+  He could open a small store with all the gifts, cards, football jerseys, hats and other miscellanea that are dropped off for him.  “I wish people would ask my size before they send me shirts!” he says with a chuckle. “I don’t ask but they give me these things.”

+ He has been known to show patrons around Las Vegas, drop them off at restaurants he recommends, ferry them to the airport to catch flights, and even visit hospitals when local customers he considers friends are felled by illness. “He will treat complete strangers like family,” says fellow bartender Wally Lang. “When people can experience that type of friendship, it’s a unique quality.”

+ While he’s a talker by trade, he doesn’t need words to endear himself. “He has this whistle and it’s not a whistle like anyone else has,” Lang says. “People are looking around for some kind of bird. Kids love it, they smile when they hear it.”

+ And because the man dubbed Rí Rá’s “pub ambassador” is what pop-culture slang-slingers might call “totes adorbs” — or, in grownup lingo, irresistibly cuddly.  We dare ya to find someone else who utters the phrase, “Oh, jeepers!”  … Yeah, we thought not. Although …

“The Irish have an innate ability to use curse words as if it’s a normality!” says supervisor Scott Sherman, an unabashed Kenny admirer who nominated him for the Hospitality Hero Award. “When I hear it, I’m like, ‘Oh no!’ But the people hear it and think it’s the best thing on Earth!”

Adds Kenny, sheepishly: “I do say things, oh gosh, yes. I might have my head down working on cocktails and I might let the F word come out. I don’t realize that I’m close to people. But that’s part of our lingo, our culture!”

+++++

A former “telephonist” (American translation: telephone operator) for the Ireland Department of Defence (“probably where I learned to talk so much,” he quips) and frequent presence on “the other side” of most bars, Kenny transitioned into the work he loves when he relocated to England and called out numbers at a bingo hall.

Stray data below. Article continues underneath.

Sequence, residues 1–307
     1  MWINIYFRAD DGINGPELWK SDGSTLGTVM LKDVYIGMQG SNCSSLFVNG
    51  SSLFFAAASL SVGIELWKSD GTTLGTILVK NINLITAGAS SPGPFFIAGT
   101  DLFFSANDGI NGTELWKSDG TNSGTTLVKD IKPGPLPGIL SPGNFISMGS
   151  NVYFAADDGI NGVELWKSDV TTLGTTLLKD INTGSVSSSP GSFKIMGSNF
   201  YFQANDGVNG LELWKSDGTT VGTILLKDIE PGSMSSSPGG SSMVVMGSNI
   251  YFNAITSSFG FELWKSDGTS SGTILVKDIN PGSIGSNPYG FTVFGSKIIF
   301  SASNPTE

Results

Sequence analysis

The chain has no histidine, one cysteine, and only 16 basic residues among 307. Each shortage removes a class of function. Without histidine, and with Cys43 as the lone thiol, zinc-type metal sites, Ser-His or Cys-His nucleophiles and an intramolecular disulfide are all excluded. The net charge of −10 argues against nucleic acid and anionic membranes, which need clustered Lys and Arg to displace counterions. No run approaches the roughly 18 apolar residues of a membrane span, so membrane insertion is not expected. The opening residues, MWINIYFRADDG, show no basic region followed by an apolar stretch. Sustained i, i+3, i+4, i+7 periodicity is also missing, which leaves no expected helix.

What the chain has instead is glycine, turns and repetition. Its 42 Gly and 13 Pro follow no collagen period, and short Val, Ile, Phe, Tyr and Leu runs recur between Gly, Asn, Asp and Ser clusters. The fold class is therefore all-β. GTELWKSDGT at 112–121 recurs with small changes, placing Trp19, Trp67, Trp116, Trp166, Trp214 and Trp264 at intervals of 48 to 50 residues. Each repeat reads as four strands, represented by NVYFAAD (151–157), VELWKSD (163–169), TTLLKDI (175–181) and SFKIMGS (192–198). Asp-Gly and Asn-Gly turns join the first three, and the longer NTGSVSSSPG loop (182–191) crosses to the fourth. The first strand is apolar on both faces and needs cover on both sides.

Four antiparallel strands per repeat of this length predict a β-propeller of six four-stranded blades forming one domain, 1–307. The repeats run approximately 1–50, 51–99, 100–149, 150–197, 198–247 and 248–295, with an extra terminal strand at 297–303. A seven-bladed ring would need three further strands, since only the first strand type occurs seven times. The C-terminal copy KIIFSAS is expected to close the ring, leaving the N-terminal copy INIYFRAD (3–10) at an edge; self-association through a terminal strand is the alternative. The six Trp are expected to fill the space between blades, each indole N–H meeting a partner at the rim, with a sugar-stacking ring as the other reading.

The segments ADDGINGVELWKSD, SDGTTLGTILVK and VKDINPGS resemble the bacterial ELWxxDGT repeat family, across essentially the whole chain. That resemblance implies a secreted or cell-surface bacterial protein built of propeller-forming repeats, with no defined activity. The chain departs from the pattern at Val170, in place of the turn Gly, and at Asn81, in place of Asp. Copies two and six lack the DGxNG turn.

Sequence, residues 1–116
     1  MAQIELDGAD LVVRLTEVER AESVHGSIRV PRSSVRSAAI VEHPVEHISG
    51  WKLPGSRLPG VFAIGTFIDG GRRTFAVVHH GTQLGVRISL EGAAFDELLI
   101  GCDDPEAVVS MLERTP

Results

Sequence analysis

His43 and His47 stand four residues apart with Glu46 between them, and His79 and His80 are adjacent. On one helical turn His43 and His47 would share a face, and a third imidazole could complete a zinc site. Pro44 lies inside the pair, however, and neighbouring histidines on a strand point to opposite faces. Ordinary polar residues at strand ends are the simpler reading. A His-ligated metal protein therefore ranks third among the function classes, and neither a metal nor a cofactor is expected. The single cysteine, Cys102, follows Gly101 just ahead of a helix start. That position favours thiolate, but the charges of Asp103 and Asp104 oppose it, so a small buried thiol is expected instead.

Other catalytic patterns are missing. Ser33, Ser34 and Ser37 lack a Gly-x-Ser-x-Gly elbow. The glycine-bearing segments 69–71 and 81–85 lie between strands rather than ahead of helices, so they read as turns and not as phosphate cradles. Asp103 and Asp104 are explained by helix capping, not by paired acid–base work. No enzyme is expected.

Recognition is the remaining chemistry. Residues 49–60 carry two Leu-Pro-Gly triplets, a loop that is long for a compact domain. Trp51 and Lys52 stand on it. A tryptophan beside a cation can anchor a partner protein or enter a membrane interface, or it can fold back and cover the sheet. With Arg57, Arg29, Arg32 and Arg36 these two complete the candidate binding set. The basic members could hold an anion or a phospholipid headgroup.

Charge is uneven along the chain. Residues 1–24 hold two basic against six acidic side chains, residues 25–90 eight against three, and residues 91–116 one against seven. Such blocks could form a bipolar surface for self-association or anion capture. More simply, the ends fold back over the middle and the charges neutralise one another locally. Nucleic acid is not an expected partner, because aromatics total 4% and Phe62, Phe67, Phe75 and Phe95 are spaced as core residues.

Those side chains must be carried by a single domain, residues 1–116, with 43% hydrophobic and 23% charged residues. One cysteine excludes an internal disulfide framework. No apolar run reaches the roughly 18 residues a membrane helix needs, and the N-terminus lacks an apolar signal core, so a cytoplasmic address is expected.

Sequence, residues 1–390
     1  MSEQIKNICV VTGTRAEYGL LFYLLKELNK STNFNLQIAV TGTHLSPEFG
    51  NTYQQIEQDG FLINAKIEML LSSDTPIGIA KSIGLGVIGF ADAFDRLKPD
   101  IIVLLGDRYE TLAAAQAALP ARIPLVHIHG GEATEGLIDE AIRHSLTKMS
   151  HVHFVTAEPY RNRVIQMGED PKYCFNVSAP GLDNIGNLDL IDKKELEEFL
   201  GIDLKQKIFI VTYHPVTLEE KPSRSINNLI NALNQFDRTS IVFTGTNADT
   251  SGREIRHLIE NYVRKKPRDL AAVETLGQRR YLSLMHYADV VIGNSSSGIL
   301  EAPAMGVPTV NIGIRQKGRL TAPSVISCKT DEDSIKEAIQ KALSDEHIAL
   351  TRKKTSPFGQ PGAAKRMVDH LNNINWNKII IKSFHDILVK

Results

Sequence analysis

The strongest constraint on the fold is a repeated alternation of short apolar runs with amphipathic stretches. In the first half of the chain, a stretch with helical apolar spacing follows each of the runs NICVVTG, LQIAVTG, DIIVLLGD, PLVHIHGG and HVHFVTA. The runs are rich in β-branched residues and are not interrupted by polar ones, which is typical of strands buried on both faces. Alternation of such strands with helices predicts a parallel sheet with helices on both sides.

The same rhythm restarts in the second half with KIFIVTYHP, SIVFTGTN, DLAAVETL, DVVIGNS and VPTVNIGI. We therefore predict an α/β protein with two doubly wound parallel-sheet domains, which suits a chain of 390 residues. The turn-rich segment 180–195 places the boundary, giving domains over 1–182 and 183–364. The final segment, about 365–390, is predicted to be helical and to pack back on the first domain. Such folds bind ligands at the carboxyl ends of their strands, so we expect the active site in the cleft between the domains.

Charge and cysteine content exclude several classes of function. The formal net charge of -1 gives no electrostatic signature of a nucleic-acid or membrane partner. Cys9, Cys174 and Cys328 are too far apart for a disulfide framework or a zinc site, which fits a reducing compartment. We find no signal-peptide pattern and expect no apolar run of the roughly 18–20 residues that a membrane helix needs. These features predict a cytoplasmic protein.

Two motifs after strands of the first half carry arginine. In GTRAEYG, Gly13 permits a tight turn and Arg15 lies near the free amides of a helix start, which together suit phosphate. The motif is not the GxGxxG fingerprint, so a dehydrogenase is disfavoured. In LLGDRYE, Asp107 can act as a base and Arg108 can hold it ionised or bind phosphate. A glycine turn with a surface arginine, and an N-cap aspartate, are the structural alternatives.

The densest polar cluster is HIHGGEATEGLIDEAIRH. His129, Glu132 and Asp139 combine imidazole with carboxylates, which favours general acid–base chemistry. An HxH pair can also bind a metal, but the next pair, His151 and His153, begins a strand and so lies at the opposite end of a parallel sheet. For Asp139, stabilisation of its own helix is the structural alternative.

Slight problem: Players were marking off the wrong numbers because they couldn’t make out his accent.  That’s when the manager moved him behind the bar to pour out pints of Guinness instead. “It became a calling,” Kenny says. “I spent so much time watching bartenders work. Some of the bars I used to go into in Kilkenny, they were storytellers, fantastic characters. They weren’t just tending bar, they were making people feel welcome into their premises.”

Twenty years ago, Cyril and his wife, Angela Grogan, emigrated to America, and bounced between North Carolina, Maine, New Hampshire, Rhode Island, New Jersey, Georgia, Maryland and Indiana before landing here at Vegas’ Rí Rá eight years ago. Here’s the kicker: While Angela assumed responsibility of chief operating officer for Rí Rá’s corporate entity, Buzz Hospitality, her spouse remained happily ensconced behind the bar.

“I could never do management, I had to be bartending where I meet people,” says Kenny, who has also been known to turn away tips or buy patrons drinks when he thinks they’ve tipped too generously.  “Sometimes they’re a little over-inebriated and not in the right frame of mind,” Kenny says.

“One man gave me a hundred dollars because I was from Kilkenny and his family dates from Kilkenny. It’s embarrassing. I didn’t do anything to deserve that tip. So he put it back in his pocket — and gave it to another bartender!”

As “totes adorbs” as he is, even Kenny realizes that occasionally, patrons get the grumps. “I had a full bar one day, I’m talking with everybody, but one man is eating with his head down and he looks up and says, ‘Will you ever shut up for five minutes?’” Kenny recalls.

“I said, ‘Sorry sir, I’m only doing me job, but I will give you that wish and not talk to you for five minutes.’ And when he was ready, I said, ‘Is it OK now sir?’ and he said, ‘Thank you very much.’ The customer is always right!”

With deference to that service-sector truism, we offer a contrasting view: You don’t ever want Cyril Kenny to stop talking.

Bottom line: Leprechauns exist. One is refilling your glass right now.

And his personality is a pot o’ gold for the soul.

“Hospitality Heroes” is a program created by the Las Vegas Convention and Visitors Authority (LVCVA), in conjunction with the U.S. Travel Association’s National Travel and Tourism Week, celebrated annually in May. The LVCVA (which produces Las Vegas Newswire) and its tourism partners honor employees who deliver superior customer service. Since the program began in 2008, nearly 600 “Hospitality Heroes” have been recognized in Southern Nevada. 

To offer feedback on this story or suggestions for future stories on Las Vegas Newswire, contact Managing Editor Steve Bornfeld at SBornfeld@lvcva.com.

 

Previous post

AND THEY WENT ON TOGETHER WITH AUSPICIOUS TIMES: How Elvis and Las Vegas saved each other

Next post

Las Vegas to host first Leagues Cup Final soccer match

by Steve Bornfeld/Las Vegas Newswire

by Steve Bornfeld/Las Vegas Newswire